“Honestly, by the end of it I’m now like, I don’t need a therapist – I’ve done the album,” she laughs. “A lot of this album I was kind of writing in real time and experiencing these things as they were happening. Some of it was subconscious writing, like Control for instance was written while I was overseas with Jack [Grace] and I was still in this relationship that wasn’t serving me. But I remember getting back from that trip and I think I showed his mum and her reaction was sort of ‘is that about?’ – and me then realising that I needed to leave that relationship.”
It feels like the most relatable story – to know you have to go long before you actually move. And for artists, while tapping into conscious emotional experiences can create art, the power of the subconscious is often credited with levels of creativity that exists beyond our rational mind.
“Stuff for me would always come out in the things I was writing. I knew deep down that I had to make these choices, but it wasn’t until that trip that I realised what I was saying.”
One of my favourite lines on the album is coincidentally on Control – when Gemmill croons “I’m alone now – but I’m healing.” In barely a handful of words, it summarises a build of inordinate pressure and the freedom that comes with quiet.
“Again, it’s so funny, I wrote that while I was still in [that] relationship, but it was finished after we broke up. That line is kind of the crux of the album – I needed to work things out on my own to heal. I never wanted this album to be just about heartbreak and I think when I’m telling these stories it’s more about who I’m becoming afterwards, not even necessarily just romantic relationships. I was just learning about self-discovery.”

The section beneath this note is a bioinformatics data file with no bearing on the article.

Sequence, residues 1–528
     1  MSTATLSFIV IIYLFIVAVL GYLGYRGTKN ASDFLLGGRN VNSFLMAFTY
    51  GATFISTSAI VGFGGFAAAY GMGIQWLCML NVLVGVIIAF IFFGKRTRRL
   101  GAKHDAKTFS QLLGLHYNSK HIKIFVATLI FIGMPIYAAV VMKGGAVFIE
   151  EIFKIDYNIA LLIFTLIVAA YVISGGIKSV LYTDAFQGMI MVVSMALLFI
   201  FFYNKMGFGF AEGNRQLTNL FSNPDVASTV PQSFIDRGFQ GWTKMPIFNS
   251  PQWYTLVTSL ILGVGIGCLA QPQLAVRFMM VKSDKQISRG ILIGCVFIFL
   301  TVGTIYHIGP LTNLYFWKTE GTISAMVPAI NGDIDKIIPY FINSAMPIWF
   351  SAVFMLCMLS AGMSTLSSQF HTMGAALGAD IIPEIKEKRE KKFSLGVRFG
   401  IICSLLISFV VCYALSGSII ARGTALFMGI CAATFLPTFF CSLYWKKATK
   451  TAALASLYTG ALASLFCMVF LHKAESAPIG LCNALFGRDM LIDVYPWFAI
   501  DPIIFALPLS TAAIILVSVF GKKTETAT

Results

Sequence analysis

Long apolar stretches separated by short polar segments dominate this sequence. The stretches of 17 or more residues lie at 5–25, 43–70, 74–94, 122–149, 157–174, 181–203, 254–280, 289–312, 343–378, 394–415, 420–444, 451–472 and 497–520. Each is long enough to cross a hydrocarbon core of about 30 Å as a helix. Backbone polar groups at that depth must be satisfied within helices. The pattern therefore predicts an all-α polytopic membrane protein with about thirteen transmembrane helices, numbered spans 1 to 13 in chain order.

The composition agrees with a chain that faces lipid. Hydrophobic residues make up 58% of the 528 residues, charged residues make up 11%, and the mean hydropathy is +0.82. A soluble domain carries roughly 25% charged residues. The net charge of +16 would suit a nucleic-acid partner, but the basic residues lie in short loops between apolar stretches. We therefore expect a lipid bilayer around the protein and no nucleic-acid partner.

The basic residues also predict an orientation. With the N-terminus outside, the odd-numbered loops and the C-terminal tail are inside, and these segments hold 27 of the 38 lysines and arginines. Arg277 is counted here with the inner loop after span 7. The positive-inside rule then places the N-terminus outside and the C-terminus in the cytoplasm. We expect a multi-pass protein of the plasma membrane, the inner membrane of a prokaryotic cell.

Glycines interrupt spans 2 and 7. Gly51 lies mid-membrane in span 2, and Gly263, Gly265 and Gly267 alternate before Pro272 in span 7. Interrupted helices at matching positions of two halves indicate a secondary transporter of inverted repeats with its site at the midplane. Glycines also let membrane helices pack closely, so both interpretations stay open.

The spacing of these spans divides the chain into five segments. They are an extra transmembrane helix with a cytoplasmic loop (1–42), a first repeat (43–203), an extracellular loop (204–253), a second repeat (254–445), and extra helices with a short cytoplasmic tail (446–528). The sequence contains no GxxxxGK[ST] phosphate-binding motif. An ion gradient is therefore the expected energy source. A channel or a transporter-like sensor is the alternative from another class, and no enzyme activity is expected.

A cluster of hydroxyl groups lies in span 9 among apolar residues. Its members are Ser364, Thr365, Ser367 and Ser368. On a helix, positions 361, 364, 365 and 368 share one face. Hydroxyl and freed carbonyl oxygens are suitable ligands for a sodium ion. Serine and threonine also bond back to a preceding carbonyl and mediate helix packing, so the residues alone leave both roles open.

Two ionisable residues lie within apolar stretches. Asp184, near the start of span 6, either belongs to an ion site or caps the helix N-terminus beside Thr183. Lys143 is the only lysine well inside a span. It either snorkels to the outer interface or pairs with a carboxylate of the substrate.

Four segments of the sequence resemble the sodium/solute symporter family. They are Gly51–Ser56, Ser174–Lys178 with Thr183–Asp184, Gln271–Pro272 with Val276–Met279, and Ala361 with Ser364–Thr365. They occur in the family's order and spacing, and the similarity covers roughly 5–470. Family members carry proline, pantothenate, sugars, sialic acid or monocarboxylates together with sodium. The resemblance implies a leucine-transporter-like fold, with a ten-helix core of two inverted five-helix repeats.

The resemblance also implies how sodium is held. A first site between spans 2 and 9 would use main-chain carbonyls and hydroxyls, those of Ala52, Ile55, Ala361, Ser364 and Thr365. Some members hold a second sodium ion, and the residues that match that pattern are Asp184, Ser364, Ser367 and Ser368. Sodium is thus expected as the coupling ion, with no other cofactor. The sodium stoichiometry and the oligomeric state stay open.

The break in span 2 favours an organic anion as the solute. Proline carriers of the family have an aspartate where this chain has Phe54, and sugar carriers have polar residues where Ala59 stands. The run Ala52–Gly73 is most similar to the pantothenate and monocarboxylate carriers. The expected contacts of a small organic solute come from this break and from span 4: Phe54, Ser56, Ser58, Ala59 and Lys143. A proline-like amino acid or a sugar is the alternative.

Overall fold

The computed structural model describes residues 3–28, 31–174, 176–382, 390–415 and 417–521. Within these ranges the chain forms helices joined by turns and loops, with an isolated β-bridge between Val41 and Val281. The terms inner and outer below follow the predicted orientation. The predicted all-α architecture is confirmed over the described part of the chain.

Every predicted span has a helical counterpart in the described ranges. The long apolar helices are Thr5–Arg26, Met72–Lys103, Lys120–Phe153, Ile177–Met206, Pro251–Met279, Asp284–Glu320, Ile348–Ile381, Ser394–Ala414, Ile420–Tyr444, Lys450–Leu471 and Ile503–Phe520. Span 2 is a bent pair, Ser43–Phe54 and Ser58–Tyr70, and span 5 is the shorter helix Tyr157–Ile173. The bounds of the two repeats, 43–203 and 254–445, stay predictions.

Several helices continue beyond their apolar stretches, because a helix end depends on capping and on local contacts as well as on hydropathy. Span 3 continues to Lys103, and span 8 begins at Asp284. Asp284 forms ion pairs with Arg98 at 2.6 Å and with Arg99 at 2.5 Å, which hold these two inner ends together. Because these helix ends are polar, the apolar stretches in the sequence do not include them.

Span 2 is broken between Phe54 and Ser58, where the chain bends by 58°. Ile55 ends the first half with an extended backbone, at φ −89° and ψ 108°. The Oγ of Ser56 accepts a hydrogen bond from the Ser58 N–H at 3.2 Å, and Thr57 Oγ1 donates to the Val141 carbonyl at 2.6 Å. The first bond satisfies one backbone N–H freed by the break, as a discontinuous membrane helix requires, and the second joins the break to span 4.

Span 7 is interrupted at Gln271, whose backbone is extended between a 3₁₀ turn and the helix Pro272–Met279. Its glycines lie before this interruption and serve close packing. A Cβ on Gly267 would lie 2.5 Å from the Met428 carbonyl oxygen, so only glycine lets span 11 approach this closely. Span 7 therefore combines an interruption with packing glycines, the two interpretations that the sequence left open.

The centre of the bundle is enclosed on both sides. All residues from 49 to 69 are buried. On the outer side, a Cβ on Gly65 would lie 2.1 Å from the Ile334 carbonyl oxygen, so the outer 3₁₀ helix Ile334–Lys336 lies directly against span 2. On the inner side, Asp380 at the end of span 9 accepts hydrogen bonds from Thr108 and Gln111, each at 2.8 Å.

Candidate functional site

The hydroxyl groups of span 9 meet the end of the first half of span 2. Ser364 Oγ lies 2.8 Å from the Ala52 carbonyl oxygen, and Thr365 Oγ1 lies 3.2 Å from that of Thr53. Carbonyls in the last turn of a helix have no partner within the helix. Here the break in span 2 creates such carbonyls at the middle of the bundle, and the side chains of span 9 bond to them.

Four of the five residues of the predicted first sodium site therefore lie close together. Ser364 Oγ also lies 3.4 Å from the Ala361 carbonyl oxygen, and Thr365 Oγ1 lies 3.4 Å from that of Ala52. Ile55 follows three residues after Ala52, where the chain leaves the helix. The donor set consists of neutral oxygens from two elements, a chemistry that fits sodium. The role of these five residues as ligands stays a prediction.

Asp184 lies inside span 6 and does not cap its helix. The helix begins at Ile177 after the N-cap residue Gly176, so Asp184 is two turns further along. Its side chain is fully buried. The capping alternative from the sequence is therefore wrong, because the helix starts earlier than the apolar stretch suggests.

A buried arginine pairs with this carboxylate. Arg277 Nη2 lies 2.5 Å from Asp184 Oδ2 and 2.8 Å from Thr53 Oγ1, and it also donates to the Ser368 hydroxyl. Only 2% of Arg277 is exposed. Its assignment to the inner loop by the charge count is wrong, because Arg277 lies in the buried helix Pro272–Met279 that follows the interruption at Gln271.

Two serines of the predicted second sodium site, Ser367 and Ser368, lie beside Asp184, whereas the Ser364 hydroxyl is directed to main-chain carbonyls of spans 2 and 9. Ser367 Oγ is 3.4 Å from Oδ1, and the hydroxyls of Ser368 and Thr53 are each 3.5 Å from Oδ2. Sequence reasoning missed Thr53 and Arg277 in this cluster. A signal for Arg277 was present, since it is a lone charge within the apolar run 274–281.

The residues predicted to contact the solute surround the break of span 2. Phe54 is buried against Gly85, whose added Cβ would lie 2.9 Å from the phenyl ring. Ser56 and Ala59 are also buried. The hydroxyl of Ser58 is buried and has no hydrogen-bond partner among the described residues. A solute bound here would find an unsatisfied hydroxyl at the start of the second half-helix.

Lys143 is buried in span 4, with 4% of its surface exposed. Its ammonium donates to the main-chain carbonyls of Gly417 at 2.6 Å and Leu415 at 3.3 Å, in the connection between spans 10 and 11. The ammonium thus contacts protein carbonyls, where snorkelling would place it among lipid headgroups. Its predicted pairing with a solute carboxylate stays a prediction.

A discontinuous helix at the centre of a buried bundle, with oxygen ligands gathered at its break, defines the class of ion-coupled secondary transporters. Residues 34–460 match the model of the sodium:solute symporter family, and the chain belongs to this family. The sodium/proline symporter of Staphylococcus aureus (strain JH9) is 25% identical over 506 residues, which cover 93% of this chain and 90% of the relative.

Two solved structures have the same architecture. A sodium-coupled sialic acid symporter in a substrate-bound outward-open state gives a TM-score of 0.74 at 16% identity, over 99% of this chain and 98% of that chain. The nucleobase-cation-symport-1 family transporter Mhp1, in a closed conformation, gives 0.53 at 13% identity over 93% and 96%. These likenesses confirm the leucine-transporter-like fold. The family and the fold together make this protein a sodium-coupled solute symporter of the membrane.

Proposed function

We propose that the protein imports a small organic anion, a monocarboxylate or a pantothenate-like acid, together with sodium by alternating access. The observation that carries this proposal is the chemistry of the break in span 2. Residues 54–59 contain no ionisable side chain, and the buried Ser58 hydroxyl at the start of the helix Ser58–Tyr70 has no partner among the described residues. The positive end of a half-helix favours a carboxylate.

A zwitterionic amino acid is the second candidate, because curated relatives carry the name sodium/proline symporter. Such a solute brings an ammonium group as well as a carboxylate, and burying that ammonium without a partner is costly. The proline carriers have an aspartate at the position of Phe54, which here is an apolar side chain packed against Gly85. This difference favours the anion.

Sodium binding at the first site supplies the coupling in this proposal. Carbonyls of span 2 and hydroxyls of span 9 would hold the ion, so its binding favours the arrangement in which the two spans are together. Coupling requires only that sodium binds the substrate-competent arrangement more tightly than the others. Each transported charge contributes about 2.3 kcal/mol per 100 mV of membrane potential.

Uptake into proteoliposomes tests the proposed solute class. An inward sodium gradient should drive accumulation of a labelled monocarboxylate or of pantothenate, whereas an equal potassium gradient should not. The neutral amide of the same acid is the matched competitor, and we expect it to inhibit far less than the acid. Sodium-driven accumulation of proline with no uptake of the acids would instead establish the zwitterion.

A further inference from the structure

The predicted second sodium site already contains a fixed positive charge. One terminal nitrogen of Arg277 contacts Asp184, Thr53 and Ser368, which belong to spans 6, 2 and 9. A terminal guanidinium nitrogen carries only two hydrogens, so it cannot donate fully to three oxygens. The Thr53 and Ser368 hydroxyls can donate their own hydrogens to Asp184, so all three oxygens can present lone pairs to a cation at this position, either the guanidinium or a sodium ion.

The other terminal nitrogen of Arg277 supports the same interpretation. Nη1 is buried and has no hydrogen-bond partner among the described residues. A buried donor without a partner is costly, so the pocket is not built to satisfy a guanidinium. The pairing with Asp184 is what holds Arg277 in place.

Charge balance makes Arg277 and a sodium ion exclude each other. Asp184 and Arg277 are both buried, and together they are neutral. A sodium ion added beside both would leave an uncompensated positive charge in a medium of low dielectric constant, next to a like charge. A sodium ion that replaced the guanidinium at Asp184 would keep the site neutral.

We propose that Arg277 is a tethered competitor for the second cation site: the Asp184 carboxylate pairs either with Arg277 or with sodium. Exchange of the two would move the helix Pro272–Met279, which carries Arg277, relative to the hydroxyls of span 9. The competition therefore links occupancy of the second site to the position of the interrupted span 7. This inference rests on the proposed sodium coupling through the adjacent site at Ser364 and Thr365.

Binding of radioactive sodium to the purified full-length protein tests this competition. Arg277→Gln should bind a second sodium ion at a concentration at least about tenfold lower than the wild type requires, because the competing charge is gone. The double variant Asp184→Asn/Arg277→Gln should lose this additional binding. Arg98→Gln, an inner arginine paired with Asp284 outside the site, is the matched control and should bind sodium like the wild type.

The voyage of learning oneself shines through when listening from front to back. Gemmill’s talent for storytelling traverses you through her chronology of pain, heartache and the all important rebuilding. The album name, a sensitive call back to those who have sat next to her on her journey.
“The first track, only 25, has that [album title] lyric in it and I was just going through quite a dark time in my life. My family and friends were really worried about me and I think finishing on Just Fine as well, the record is almost a note to my family and friends, especially my mum that I am “just calling to tell you I’m okay.” I think after everything I went through that was something I really wanted to say.”
While Gemmill is candid about her challenges, she is also self assured in the work she has created. She should be, the album is a triumph – aside from the idyllic lo-fi sonic world and masterclass in songwriting, it is Gemmill’s vocals that truly sets her apart. Stunning arrangements and gospel-esque harmonies provide perfect footing for a soaring performance that I’m confident will only continue to get better with age. The record concludes by combining the heartfelt with the epic, an anthemic build of apologies that reinforces the odyssey of Eliott: a multifaceted heroine from Cobram who is unafraid to let you in.